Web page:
I was able to get Monday off because it’s a holiday, so I decided to go home for the weekend. I’m super excited that I was able to get this chance, since the next time I’ll be able to come home will be in August. When I go home, I usually end up baking far more than my family can eat. I also get a chance to run all of my favorite loops, which I could probably run with my eyes close at this point, having ran them hundreds, if not thousands of times. For some reason, no matter where I run, nothing compares to the routes I mapped out freshman year of high school. I know every turn, every hill, I know that a certain mail box means I’m a mile from home. These runs are beautiful, along my winding, farm-filled country road… and not to mention hilly. My favorite run is a 4 mile round-trip trek to the end of my road and back. It is pleasant for the first 2 ½ miles with small rolling hills, then its strait up hill for a half mile. At that point I start to feel tired, but there is still another mile til home. It the perfect length, nice and shady for most of the way, and I feel a huge sense of accomplishment when I make it home.
This weekend was also a chance for me to get some things I had left home, that I’ll need when I move into my apartment next weekend! First thing I needed was my cookbooks. For Christmas 2 years ago, Mark’s family got me 3 of the Moosewood cookbooks. I love them; let’s just say I have about 100 recipes I want to try. My other favorite right now is Mark Bitman’s Food Matters, if you have time this summer and care about where you food comes from, eating healthy and want flexible easy recipes, read this book. It discusses his new way of eating (hes a vegetarian until 6pm) and provides about 75 recipes, with countless variations listed at the end of each one.
I also got my recipe book. It’s a composition book filled with all of the recipes I’ve tried and love. I like to add notes, substitutions and also what I paired with each recipe with for future reference. I don’t know what I’d do if I lost it. It also doesn’t include the 30 plus pages I have saved in a word document on my computer (its more environmentally friendly)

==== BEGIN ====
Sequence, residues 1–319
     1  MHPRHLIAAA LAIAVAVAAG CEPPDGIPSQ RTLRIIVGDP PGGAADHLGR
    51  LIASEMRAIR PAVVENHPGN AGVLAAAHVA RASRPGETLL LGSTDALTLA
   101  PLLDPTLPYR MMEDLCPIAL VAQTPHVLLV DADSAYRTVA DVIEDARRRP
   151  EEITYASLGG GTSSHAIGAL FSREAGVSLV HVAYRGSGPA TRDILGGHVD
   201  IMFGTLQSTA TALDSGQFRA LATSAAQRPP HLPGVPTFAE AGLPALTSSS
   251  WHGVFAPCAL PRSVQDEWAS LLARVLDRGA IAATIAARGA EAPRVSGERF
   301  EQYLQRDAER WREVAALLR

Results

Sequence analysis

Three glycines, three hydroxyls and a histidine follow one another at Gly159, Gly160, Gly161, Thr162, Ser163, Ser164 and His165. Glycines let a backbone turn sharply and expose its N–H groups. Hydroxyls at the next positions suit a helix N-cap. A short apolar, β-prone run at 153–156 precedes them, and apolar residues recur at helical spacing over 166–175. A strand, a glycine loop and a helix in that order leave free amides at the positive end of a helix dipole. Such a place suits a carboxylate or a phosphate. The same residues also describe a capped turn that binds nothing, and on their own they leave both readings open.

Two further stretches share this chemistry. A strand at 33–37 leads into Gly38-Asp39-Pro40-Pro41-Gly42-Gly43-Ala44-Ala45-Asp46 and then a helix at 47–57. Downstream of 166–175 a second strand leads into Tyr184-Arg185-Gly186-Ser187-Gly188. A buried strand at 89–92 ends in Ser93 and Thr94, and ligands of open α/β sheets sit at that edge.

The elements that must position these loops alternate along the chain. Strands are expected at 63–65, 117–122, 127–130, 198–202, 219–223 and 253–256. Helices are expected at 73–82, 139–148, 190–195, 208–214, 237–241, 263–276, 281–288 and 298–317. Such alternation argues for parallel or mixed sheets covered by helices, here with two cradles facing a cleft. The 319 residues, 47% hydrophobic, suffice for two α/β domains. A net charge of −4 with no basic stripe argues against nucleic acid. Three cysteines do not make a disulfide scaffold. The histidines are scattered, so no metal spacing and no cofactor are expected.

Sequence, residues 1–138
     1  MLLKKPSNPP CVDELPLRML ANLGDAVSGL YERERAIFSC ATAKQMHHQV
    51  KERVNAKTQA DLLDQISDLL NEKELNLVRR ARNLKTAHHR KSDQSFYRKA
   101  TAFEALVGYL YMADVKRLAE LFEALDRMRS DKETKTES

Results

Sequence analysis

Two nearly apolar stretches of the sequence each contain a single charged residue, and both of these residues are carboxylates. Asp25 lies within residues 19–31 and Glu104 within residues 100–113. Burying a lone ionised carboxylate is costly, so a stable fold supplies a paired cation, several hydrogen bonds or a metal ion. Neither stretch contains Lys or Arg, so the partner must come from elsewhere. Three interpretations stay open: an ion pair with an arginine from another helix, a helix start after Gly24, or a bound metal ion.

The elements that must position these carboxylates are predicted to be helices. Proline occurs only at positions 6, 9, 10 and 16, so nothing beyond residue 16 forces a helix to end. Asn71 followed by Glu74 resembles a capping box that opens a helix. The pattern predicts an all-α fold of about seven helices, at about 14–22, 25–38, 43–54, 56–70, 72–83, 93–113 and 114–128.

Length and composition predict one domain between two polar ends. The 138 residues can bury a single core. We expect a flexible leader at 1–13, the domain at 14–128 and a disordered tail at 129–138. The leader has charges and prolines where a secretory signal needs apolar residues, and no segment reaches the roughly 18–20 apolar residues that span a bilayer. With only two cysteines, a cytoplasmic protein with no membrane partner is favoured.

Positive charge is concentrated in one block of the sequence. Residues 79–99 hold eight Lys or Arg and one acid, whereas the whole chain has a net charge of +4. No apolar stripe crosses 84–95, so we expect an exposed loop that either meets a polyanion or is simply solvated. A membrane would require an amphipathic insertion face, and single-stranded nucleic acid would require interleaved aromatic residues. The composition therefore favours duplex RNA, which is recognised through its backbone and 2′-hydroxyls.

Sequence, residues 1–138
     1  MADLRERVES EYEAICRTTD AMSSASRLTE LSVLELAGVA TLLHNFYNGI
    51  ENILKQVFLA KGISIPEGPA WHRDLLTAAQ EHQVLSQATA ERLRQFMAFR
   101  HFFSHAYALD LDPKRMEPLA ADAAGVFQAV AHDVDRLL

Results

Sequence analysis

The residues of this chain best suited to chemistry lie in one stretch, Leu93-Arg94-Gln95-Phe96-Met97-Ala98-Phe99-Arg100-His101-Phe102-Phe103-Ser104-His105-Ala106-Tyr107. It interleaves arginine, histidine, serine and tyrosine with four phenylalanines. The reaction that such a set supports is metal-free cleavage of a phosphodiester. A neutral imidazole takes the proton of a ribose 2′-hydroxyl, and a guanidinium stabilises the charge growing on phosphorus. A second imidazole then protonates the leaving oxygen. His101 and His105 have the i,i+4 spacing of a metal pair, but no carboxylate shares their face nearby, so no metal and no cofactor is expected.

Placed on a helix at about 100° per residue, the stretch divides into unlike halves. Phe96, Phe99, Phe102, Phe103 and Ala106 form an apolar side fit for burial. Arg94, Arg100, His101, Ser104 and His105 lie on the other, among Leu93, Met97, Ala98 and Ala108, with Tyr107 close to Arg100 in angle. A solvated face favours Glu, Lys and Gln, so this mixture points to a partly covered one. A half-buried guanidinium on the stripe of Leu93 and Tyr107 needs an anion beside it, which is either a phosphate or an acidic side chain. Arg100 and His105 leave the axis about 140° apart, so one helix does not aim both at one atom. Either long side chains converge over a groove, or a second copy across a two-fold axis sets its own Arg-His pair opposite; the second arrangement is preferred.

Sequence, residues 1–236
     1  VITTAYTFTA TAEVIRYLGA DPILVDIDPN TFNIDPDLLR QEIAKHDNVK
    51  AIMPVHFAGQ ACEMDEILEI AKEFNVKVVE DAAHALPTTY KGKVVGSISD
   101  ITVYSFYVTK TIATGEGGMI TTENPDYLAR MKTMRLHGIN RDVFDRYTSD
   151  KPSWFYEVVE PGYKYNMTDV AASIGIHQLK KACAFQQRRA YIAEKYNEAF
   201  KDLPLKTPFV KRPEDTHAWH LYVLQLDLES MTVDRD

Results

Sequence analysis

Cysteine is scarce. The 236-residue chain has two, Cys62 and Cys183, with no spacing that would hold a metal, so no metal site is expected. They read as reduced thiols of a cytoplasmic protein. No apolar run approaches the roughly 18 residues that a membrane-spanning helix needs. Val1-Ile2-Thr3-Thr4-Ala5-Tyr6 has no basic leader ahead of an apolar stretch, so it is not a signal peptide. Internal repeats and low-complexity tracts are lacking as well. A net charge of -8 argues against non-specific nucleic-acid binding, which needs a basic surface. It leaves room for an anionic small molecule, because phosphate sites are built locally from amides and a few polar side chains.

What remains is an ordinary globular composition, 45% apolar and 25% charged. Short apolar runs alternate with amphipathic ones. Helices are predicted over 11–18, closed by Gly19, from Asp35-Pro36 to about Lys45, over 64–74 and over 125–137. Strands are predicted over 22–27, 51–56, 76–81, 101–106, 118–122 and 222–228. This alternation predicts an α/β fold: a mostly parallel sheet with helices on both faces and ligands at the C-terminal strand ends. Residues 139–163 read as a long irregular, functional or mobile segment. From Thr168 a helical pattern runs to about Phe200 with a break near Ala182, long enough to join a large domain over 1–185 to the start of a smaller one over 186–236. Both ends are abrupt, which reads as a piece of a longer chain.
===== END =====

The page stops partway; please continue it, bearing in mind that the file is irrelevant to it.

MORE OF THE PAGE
I’m awfully glad to be home but back to the point of this post… 6 over ripe bananas that need to be used up. This sounded like a perfect excuse for me to make banana bread and to mess up the nice, clean kitchen.
Halfway though baking, my mom got home from church and saw the mess I had created. I responded to her shocked face, “I promise I’ll clean it up.” “Yeah, I’ve heard that one before, it’s nice to have you home, Mag,” she replied, knowing full well that my idea of cleaning up does not fall anywhere close to her standards. Needless to say, this classic banana bread recipe always comes out well, and gets even better then next day for breakfast with some coffee.
1 loaf, Serves 14, (if everyone eats only 1 slice… which is doubtful)
2 cups of flour*
1 teaspoon of baking powder
Dash of salt
1 cup sugar
1/4 cup butter, softened
2 large eggs
1 1/2 cups mashed ripe banana (about 3 bananas)
1/3 cup plain low-fat yogurt
1 teaspoon vanilla extract
Preheat oven to 350°. Grease or spray a 8 ½ X 4 ½ inch loaf pan
Lightly spoon flour into dry measuring cups; level with a knife. Combine the flour, baking soda, and salt, stirring with a whisk.
Place sugar and butter in a large bowl, and beat with a mixer at medium speed until well blended (about 1 minute). Add the eggs, 1 at a time, beating well after each one. Add the banana, yogurt, and vanilla; beat until blended. I just mash the bananas with my fingers. Add flour mixture to the wet ingredients; beat at low speed just until moist. It’s best to add the flour in batches so it doesn’t go everywhere. Spoon the mixed batter into the greased pan. Bake at 350° for 1 hour or until a wooden pick inserted in center comes out clean. Cool 10 minutes in pan on a wire rack; remove from pan. Cool completely on wire rack.
*(I like to use one cup of whole wheat and one cup of all purpose… I found not everyone loves whole wheat bread as much as I do, so this allows you to sneak in some whole wheat flour with out any one really noticing)
This recipe is adapted from Cooking Light Magazine